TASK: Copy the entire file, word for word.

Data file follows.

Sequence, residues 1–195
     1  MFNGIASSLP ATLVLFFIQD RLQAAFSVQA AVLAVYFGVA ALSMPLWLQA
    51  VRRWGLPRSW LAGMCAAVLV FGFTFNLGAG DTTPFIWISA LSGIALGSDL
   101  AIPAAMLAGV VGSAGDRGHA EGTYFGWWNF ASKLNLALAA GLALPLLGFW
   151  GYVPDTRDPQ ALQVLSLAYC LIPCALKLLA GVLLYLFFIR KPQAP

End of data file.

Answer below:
Sequence, residues 1–195
     1  MFNGIASSLP ATLVLFFIQD RLQAAFSVQA AVLAVYFGVA ALSMPLWLQA
    51  VRRWGLPRSW LAGMCAAVLV FGFTFNLGAG DTTPFIWISA LSGIALGSDL
   101  AIPAAMLAGV VGSAGDRGHA EGTYFGWWNF ASKLNLALAA GLALPLLGFW
   151  GYVPDTRDPQ ALQVLSLAYC LIPCALKLLA GVLLYLFFIR KPQAP